FacebookTwitterGoogle+RedditEmail

When Will We Ever Learn?

I believe in hope and the proposition that we can build a better world through our personal efforts. But I also believe that we must make a cold, hard appraisal of where we stand if we are to achieve change for the better. We cannot avoid the reality that we enter the New Year deeply bogged down in the quagmire of war.

As with all wars, the war in Iraq is neither simple nor predictable. We are learning once again that raw military power is not sufficient to prevail, even against an opponent vastly inferior in military strength. For those of us who lived through the war in Vietnam, it is both sad and distressing that that war was not sufficient to teach this lesson to the present leadership of the United States. As with Vietnam, there is a growing unease among the people of the United States about this “war of choice” in Iraq. More than 1,300 Americans have died there and many more have been injured for life. The number of Iraqi casualties is far higher, perhaps higher than 100,000. And there is no end in sight.

The Vietnam War ended when the people of the United States had enough and withdrew their support for the war. Gradually that is happening now, but the people of the United States want to believe their leaders when they say that the war is progressing. We are living in the bubble of a myth. The media has a critical responsibility for reporting on the war as it is so that the American people can make an informed choice about continuing to send their sons and daughters to die in the cities and on the roadways of Iraq.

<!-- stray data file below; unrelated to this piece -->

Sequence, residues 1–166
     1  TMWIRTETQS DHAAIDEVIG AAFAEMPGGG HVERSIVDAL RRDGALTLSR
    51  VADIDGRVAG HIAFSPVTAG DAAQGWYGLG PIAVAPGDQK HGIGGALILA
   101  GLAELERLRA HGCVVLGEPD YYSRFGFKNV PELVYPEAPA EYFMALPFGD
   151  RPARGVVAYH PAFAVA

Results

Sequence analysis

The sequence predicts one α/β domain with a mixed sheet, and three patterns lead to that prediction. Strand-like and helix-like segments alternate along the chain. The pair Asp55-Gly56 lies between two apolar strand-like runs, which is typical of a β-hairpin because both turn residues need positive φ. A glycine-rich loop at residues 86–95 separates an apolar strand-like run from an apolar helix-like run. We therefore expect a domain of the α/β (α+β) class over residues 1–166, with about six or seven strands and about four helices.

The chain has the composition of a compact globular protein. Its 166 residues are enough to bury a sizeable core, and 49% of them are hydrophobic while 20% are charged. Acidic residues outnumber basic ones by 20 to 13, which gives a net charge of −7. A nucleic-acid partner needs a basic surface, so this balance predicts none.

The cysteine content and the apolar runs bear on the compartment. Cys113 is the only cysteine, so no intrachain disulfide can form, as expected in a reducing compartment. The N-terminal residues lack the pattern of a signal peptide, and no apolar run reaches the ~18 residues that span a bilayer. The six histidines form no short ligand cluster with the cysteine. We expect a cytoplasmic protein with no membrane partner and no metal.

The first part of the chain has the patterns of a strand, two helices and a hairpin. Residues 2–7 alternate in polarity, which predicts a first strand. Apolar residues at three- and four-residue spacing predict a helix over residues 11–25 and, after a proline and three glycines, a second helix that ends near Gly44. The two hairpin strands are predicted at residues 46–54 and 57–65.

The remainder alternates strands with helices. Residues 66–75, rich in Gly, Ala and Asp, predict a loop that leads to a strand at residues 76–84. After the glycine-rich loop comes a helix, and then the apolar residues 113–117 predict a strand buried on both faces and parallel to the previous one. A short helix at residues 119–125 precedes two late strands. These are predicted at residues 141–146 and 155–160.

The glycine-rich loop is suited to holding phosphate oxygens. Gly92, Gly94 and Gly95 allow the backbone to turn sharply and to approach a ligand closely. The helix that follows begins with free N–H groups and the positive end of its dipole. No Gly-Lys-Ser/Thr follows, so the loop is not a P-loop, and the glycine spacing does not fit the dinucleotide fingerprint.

We should not forget that there were no weapons of mass destruction in Iraq, and that this is what the United Nations inspectors were telling us prior to the war being initiated in March 2003. If we want to understand why this war has gone so terribly wrong, we should not forget our failure to follow the law and procedures of the United Nations. Nor should we forget our tactics of “shock and awe,” nor the resulting dead and injured children of Iraq. I remember Ali Ishmael Abbas, the 12-year-old boy who lost his parents and other members of his family as well as his arms in a US bombing attack. Ali was not “collateral damage.” He is the Iraqi face of this war.

But what is the American face of this war? Is it Donald Rumsfeld, smug and arrogant, telling American soldiers that their protective armor is insufficient because “you go to war with the army you have, not the army you might want or wish to have at a later time”? It was Rumsfeld, along with George Bush, who chose the date and time of the war. The tragic miscalculation of consequences has not affected Bush’s confidence in Rumsfeld to continue as Secretary of Defense.

In war, it is generally not the leaders who are killed, nor their children. Rumsfeld and Bush remain in power, while Ali Ishmael Abbas will go through his life without his arms. More than 1,300 American parents will go through their lives without sons or daughters who have died for reasons unfathomable and subject to change. And millions of Iraqis have been personally affected by this war, with almost every family having lost someone or knowing someone who has.

The full consequences of this war are unknowable, but the very least we might have learned is that war should never be a simple choice of power, nor should it ever be a first choice. There is no goal more important for Americans in the New Year than ending this war and bringing home our troops. It will not end well for the United States, but the sooner we withdraw from Iraq the sooner the Iraqis can seek the normalization of their country and we can normalize ours.